Beat CT Limo’s monopoly: Take the train to the plane

By now even the hardiest Cancuner has returned to New Haven and has been reminded of how dismal the options are for getting back to campus from the airports — or are they?

It’s common sport at this newspaper to write a “students really hate Connecticut Limo” story whenever a columnist is short of ideas. Instead of that rehash, let’s find some better ways to get to the airport.

First, the problem: most students traveling to or from the airports use Connecticut Limo’s vans and buses. But they’re expensive — at least $28 each way to Bradley and $43 each way to JFK or La Guardia — and slow — the scheduled drive to La Guardia takes an hour longer than a non-stop ride would, and in bad weather, fuhgeddaboutit.

After Sept. 11, with decreased air travel, Connecticut Limo said its business was down 40 percent. The company laid off considerable numbers of its drivers and managers, and now says business has not yet improved.

Oh, they also raised their prices.

Connecticut Limo says the hike was independent of the Sept. 11 slowdown, but it demonstrates a key element of the Connecticut Limo problem: they act like a monopoly. Only monopolies or near-monopolies would raise prices when business was down. They know that nearly the same customers will come, since they have no alternatives.

The only way to improve prices and service is to prove to Connecticut Limo that we’re willing to take the alternatives. In fact, in many cases, the much cheaper alternatives are also faster.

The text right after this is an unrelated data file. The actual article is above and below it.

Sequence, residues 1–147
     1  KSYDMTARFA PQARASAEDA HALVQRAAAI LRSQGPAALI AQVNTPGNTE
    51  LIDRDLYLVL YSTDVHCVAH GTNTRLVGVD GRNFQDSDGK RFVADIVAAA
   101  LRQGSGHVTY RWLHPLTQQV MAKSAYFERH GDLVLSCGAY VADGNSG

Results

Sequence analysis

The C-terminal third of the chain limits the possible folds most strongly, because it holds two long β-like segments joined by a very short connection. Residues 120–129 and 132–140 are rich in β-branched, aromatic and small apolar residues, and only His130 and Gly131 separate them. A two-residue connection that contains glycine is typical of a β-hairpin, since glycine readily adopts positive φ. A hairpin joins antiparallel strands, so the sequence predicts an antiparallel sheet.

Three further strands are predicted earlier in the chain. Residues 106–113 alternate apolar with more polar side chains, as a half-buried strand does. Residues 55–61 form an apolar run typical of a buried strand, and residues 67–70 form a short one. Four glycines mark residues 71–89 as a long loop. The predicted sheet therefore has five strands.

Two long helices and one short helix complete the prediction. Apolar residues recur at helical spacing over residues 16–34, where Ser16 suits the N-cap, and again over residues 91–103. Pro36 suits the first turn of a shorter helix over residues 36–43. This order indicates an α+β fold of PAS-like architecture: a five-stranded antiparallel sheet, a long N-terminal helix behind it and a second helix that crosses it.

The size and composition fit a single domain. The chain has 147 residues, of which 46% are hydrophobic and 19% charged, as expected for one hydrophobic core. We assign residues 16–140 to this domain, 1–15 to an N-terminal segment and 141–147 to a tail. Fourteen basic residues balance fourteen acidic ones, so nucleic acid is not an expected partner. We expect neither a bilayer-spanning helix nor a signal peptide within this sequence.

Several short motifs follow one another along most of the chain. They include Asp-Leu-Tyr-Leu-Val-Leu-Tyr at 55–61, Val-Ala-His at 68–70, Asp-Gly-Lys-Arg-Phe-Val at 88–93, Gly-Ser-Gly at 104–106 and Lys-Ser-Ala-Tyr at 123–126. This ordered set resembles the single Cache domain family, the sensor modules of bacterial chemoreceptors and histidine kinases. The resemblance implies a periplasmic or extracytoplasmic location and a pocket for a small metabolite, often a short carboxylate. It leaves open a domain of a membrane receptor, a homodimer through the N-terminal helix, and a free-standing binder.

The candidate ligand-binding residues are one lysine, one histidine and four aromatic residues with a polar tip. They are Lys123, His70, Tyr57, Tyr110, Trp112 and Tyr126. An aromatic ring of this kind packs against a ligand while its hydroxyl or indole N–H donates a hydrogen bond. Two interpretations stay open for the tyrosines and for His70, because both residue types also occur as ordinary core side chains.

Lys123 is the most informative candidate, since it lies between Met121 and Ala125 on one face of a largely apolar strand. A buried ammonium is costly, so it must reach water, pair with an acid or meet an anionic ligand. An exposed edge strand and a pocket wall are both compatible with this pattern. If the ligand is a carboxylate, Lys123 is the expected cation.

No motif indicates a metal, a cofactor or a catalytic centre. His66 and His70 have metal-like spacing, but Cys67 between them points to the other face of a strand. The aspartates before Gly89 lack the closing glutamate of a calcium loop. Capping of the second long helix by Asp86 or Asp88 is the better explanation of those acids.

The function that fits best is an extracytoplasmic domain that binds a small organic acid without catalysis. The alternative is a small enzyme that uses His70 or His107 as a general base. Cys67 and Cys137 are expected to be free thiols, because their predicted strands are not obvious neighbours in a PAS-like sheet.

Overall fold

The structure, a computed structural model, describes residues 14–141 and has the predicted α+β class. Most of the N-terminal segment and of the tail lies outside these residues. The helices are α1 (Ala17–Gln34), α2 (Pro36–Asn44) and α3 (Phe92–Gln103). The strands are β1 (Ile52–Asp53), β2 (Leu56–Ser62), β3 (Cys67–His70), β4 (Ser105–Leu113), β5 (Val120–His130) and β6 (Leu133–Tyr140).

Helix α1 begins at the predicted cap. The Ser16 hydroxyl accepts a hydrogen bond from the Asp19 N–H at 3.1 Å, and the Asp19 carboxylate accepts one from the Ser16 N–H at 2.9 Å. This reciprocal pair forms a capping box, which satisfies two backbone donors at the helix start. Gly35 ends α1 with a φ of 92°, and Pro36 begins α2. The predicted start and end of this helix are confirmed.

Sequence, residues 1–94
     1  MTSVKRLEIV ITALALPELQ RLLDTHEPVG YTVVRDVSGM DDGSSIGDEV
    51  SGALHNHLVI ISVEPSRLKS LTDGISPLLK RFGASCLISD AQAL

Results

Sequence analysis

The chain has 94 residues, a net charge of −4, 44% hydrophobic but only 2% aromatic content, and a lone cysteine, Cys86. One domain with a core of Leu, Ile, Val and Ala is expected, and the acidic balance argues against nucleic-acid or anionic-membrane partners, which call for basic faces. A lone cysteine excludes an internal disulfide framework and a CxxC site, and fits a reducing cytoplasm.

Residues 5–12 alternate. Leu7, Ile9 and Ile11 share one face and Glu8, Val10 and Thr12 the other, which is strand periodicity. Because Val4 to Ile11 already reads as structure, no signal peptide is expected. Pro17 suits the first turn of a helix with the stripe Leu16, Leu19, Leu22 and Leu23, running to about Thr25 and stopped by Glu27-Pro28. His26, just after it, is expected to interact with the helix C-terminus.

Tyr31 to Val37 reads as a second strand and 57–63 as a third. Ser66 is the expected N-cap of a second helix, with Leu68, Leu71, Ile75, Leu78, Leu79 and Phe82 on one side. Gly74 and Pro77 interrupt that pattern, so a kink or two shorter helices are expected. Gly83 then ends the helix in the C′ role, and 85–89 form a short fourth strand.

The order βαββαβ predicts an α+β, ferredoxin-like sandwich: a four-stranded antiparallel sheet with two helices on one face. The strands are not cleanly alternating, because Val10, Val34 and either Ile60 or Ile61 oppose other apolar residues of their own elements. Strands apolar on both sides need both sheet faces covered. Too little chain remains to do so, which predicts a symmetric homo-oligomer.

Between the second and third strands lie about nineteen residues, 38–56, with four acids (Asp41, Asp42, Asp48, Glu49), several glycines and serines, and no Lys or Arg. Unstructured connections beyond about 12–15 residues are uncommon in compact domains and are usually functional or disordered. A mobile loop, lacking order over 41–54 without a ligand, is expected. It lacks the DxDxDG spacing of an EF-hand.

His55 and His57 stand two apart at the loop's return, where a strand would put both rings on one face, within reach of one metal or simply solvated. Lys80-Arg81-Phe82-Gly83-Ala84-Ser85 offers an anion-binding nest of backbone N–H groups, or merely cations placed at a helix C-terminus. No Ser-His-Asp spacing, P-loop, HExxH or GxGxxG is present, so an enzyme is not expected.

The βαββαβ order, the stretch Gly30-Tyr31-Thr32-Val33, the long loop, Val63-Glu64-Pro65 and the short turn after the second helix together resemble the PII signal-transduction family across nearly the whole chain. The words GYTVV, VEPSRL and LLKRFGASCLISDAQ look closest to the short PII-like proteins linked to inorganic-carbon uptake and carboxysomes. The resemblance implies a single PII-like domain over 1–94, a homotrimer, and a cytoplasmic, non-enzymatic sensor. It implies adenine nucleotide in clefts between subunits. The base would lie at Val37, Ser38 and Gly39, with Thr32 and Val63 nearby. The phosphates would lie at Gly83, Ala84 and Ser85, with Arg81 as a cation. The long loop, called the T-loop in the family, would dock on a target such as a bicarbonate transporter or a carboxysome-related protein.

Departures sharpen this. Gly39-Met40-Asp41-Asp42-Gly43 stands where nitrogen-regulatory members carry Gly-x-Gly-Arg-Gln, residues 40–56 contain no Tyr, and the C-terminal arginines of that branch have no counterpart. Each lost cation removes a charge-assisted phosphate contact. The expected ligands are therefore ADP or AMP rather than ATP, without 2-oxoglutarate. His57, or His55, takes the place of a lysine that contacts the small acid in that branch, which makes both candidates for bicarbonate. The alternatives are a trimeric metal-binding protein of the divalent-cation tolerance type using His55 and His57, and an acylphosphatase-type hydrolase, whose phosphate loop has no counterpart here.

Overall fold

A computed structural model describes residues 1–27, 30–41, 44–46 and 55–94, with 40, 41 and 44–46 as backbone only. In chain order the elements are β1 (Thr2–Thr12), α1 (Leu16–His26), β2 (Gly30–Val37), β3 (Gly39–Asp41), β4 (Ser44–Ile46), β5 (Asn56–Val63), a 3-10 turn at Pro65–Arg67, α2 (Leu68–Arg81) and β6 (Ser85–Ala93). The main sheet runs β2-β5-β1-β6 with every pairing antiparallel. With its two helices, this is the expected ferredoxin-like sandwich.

To Bradley, the only feasible alternative is taking a cab. Metro Taxi charges $89.95 for the ride. Compared with the limo’s $28 a person, a cab’s a wash if you can find two other people going to Bradley at the same time and a comparative bargain if you find three others.

To facilitate this process, the Yale College Council is considering setting up a “ride board” at the post office where students could coordinate sharing taxis. Get to it, guys.

According to Connecticut Limo’s sometimes optimistic schedule, it takes 1 hour, 20 minutes, to get to Bradley. A cab can generally do it in less than an hour.

The real savings, though, come at La Guardia.

Here’s what you do: Take Metro-North to 125th Street in Manhattan. The ride costs $11.50 and takes around an hour and a half. A New York City bus, the M60, runs every 10 to 15 minutes from there to La Guardia. It costs $1.50 (or less if you use MetroCard) and takes about half an hour.

So if you have the worst timing possible, you’ll get to La Guardia in 2 hours, 15 minutes, for $13.

You’ll save five minutes over Connecticut Limo and keep $30 each way.

I feel like Ron Popeil.

It’s tough to get to Kennedy by New York City Transit: you have to take the A train for an hour and then a bus. I did it once; never again. So the deal isn’t quite as good for JFK.

But you can still save $23 each way and get there in about the same amount of time as Connecticut Limo would take you.

Take Metro-North to Grand Central Terminal and then the New York Airport Service buses to JFK. They run every 20 to 30 minutes from the train station and take about an hour. The bus ride costs $8.50 each way of a round trip. That’s $20 to Connecticut Limo’s $43, and between 2 hours, 45 minutes, and 3 hours, 15 minutes, to Connecticut Limo’s 2 hours, 55 minutes. (For the real cheapskate, the subway-bus combo from Grand Central is still only $13 total, but is guaranteed over three hours and a big hassle.) You can get to Newark the same way.

Vidhya Prabhakaran ’03, the YCC’s president, was a little concerned that circumventing Connecticut Limo might end up limiting travel choices.

“I really do think something like this would eliminate Connecticut Limo altogether,” he said.

But the service’s director of operations, Mike Booker, called me back twice Thursday to assure me that the company’s not going anywhere.

At least we can get them worried.

Comments